As in the proposed internal use software regulations, the final IUS R&D regs imply a higher threshold of uncertainty vs. the technical uncertainty standard of the 4 part test. The modifier ‘substantial’ uncertainty according to the IRS should denote uncertainty about the capability or methodology. However commentators expressed concern that design uncertainty should also be part of the test since it is inextricably linked to the other 2 types of uncertainty and software developers may have a hard time distinguishing the exact category of uncertainty. So the IRS has removed the ‘types’ of uncertainty from the significant economic risk test, and thus design uncertainty can be considered in showing the sufficient uncertainty. However the final regs do comment that a project having only design uncertainty would rarely satisfy that substantial uncertainty existed. So taxpayers should be aware that the IRS may be tougher on ensuring that the taxpayer has established all sources of uncertainty to show it was ‘substantial’. Of course, the word ‘substantial’ will still be the subject of dispute and the IRS has never attempted to define what substantial means, which can vary by taxpayer and by project. There is no bright line test for how much uncertainty is considered substantial.
As in the proposed regs, the IRS has eliminated the prior test for innovation which required a taxpayer to show that the software was unique or novel and differed in a significant and inventive way from prior software implementations. Instead, the IRS has gone back to the Congressional history and the current test under these final R&D regs is:
Software is innovative if the software would result in a reduction in cost or improvement in speed or other measurable improvement, that is substantial and economically significant, if the development is or would have been successful. So going forward, this test should be easier to administer and closely aligns with Congressional intent in that it is the standard adopted in the Congressional history.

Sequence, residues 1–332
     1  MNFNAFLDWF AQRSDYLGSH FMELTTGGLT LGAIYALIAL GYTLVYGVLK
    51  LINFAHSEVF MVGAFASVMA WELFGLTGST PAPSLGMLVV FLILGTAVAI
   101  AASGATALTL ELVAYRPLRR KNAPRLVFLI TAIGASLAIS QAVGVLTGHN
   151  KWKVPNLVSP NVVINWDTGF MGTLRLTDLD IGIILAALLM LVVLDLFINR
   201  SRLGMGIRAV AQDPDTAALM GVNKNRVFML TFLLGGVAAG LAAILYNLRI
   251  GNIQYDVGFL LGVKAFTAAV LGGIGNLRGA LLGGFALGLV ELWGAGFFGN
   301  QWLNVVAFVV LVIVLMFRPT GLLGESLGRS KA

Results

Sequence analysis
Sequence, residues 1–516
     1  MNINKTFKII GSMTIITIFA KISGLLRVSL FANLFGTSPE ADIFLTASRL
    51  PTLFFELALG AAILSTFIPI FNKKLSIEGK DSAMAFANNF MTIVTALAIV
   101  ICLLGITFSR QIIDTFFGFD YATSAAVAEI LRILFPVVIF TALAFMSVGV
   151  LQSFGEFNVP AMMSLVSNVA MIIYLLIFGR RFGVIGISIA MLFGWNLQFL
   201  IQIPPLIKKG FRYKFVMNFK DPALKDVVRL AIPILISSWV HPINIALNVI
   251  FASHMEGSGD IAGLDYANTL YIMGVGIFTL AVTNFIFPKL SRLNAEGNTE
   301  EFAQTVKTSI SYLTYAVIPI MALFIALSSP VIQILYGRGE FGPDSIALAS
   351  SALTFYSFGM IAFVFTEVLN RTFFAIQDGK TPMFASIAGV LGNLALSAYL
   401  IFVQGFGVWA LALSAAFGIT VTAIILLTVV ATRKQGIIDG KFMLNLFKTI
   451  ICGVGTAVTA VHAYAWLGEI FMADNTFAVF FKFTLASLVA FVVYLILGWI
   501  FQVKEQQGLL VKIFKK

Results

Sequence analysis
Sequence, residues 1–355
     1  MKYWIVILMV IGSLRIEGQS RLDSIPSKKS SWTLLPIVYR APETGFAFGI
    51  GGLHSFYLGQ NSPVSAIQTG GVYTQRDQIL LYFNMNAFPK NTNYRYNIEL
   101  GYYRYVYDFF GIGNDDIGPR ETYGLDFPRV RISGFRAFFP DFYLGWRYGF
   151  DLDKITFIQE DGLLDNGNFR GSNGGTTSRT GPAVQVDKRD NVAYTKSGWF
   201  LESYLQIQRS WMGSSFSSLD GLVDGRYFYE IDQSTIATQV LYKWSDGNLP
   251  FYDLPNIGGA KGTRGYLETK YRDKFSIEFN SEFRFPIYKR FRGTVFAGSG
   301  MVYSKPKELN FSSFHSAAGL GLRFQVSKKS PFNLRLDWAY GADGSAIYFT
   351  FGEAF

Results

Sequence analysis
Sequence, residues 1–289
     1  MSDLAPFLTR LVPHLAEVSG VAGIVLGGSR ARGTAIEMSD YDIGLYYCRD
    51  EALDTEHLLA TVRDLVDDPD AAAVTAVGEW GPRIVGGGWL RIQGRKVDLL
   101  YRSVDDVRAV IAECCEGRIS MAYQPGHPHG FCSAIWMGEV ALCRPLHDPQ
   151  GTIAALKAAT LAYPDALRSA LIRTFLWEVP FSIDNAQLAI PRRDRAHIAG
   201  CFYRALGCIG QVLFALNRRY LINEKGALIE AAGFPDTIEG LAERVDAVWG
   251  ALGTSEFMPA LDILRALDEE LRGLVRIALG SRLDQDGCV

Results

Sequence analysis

Process of Experimentation for Software Projects
Although these new R&D tax credit regulations were intended to cover the internal use software additional three part test, the IRS and Treasury, as in the proposed regs, provides some examples of both internal use and non-internal use software activities and whether the taxpayer in those examples met the process of experimentation test. Most examples illustrate ‘routine’ activities not involving evaluating alternatives or doing any new development and thus most examples don’t meet the experimentation test. But the last example (10), illustrates an example of a taxpayer developing a new interface involving an in-house data caching algorithm that does meet the experimentation test under the R&D four-part test. The IRS considered comments to provide more examples of qualifying software R&D projects but declined to expand the examples due to the variance in facts from software project to software project.
Regs are Prospective Only
The final regulations on internal use software are intended to be prospective only, after the date the regs were published in the Federal Register. The IRS considered comments on making these regs retroactive to either 1986 or 2004 but decided in part due to the changing nature of software development and methods, that prospective application would be an easier administrative burden and incentivize prospective R&D vs. prior tax years.
If you have any questions about these final internal use regulations or how the R&D tax credit may be applicable to your facts, please contact us via our contact page or at (800) 792-4861.